Kusserow on Compliance: Conducting compliance risk assessments

The issue of conducting compliance risk assessments continues to be a challenge for Compliance Officers. In the SAI Global’s ninth annual Compliance Benchmark Survey conducted with Strategic Management Services, nearly four out of ten responding organizations reported that the Compliance Office had responsibility for all risk management, not just for the compliance program.  As with all program managers, Compliance Officers have responsibility for risk management in the areas of their areas of responsibilities. This includes conducting risk assessments as part of ongoing monitoring.  However, there remains a lot of confusion among compliance officers and organizations regarding the whole subject. However, regardless of who assumes the responsibility for assessing risk areas, the subject should begin with how regulatory bodies define risk assessment.

Defining risk assessment 

Federal Regulations. (e) Annual review. The operating organization for each facility must review its compliance and ethics program annually and revise its program as needed to reflect changes in all applicable laws or regulations and within the operating organization and its facilities to improve its performance in deterring, reducing, and detecting violations under the Act and in promoting quality of care  (see 42 C.F.R. 483.85).

US Sentencing Commission Guidelines Manual. 2(a)(5) The organization shall take reasonable steps—(B) to evaluate periodically the effectiveness of the organization’s compliance and ethics program (§8B2.1 Nov. 2016).

OIG Compliance Guidance Documents.  The OIG has in a variety of compliance guidance documents called for compliance risk assessments. For example, in their Compliance Guidance for Nursing Faculties they “recommend that all nursing facilities evaluate their current compliance policies and procedures by conducting a baseline assessment of risk areas, as well as subsequent reevaluations. . .” How a nursing facility assesses its compliance program performance is therefore integral to its success. The attributes of each individual element of a compliance program must be evaluated in order to assess the program’s ‘‘effectiveness’’ as a whole. Examining the comprehensiveness of policies and procedures implemented to satisfy these elements is merely the first step. Evaluating how a compliance program performs during the provider’s day-to-day operations becomes the critical indicator.

When conducting a risk assessment it is necessary to determine the objectives. The following relates to ideas and tips concerning compliance program risk assessment.

Compliance program risk assessment objectives

  • Verify all the elements of the compliance program have been implemented
  • Determine whether all the elements are functioning as planned
  • Evaluate the documentation evidencing effectiveness of the program
  • Identify compliance program strengths, as well as areas warranting improvement
  • Develop a work plan to measure program improvements and address any weaknesses

Questions to ask about compliance risk areas

  • Were levels of risk and vulnerabilities assigned?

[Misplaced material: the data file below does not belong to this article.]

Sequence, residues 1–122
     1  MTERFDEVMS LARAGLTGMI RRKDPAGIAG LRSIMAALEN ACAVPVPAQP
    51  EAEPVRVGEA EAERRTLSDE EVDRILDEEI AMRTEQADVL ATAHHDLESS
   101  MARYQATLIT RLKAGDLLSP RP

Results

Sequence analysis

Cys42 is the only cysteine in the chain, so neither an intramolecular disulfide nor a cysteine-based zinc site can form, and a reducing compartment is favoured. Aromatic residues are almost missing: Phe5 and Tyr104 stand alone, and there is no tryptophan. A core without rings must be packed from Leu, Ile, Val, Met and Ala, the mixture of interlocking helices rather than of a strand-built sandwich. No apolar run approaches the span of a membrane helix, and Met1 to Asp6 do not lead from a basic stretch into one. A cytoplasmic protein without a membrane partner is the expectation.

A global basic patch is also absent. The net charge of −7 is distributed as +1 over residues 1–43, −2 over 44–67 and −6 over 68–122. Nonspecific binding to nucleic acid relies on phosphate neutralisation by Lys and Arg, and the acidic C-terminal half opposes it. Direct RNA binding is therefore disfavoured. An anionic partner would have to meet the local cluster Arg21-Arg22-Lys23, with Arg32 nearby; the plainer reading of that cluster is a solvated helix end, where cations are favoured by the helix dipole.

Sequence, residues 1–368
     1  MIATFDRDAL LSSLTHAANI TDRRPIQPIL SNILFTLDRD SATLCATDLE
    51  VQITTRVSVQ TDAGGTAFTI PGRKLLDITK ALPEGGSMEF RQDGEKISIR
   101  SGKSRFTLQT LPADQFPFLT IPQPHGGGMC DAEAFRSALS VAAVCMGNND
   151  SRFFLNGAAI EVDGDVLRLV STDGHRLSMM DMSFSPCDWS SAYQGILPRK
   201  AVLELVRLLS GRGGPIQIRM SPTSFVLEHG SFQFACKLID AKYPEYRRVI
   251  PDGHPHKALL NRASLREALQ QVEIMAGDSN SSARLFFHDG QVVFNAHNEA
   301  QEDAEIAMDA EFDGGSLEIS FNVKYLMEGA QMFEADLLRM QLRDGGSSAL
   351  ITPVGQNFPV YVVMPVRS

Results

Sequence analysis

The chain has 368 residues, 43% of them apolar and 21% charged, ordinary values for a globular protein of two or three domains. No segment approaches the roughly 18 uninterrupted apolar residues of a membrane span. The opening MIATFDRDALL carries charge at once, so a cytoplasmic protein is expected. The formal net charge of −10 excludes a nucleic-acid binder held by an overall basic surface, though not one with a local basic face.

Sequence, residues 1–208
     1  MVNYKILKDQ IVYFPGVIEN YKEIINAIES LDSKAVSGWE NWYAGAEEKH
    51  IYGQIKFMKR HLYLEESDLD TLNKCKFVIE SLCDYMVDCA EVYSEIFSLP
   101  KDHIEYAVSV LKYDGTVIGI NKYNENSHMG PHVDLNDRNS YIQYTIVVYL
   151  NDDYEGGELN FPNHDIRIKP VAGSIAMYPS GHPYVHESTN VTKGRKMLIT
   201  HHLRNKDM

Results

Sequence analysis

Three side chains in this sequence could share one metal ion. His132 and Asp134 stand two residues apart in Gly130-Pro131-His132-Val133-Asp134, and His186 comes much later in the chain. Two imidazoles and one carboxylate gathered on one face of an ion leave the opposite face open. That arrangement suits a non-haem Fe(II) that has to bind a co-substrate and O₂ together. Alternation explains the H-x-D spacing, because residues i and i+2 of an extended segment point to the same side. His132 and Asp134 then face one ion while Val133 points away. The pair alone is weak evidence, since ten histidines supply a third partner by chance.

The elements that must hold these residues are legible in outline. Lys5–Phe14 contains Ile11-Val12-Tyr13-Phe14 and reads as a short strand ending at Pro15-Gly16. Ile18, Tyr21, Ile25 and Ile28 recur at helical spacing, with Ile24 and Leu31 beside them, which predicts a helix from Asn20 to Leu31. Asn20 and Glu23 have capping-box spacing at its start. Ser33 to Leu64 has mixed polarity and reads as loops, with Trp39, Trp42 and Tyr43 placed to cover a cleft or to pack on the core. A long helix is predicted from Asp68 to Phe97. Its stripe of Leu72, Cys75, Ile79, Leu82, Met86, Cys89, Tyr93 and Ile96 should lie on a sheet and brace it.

• Is there an annual work plan to address identified high-risk areas?
  • Are their internal controls and policies addressing high-risk areas?
  • Are policies periodically reviewed and updated?
  • Do policies address applicable regulations, recent OIG Work Plans, etc?
  • Were compliance-related policies distributed to all covered persons?
  • Is there a Code of Conduct that provides compliance guidelines for employees?
  • Do employees signed receipt evidencing receipt of Code of Conduct?
  • What evidence is there that employees were trained on the Code and policies?
  • What evidence exist that employees understood and remembered lessons?

Richard P. Kusserow served as DHHS Inspector General for 11 years. He currently is CEO of Strategic Management Services, LLC (SM), a firm that has assisted more than 3,000 organizations and entities with compliance related matters. The SM sister company, CRC, provides a wide range of compliance tools including sanction-screening.

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Copyright © 2018 Strategic Management Services, LLC. Published with permission.

Kusserow on Compliance: Nine tips for compliance officers—addressing high-risk areas

Carrie Kusserow is an expert on conducting compliance risk assessments and has been called upon by compliance officers to meet their challenge of addressing the numerous compliance high-risk areas. She notes that there are more than 40 high-risk areas identified by the OIG in its Compliance Guidance for hospitals. Guidance for other health care sectors has a similar set of compliance high-risk areas and the number of identified compliance risk areas continues to grow every year. To meet this challenge, compliance officers must stress to program managers their ongoing monitoring responsibility to identify and manage compliance risks within their areas of operations. This includes keeping informed of current rules and regulations; ensuring changes are incorporated into policies and procedures; training staff on following that written guidance; and verifying staff adherence to new policies. Ongoing auditing of operational high-risk areas has two primary objectives, including verifying that managers meet their obligations, and validating that the process achieves the desired outcomes. Audits need to be conducted by parties independent of the operational areas being audited, and may include compliance office staff, internal audit, outsider consultants and auditors, or any combination thereof. She offered the following tips for consideration by compliance officers:

 

  1. Work with management to identify operational high-risk compliance areas as set forth in the OIG Work Plans, Fraud Alerts, Advisory Opinions, audits, and enforcement priorities and in Medicare contractor activities, industry news, PERM reports, and PEPPER data.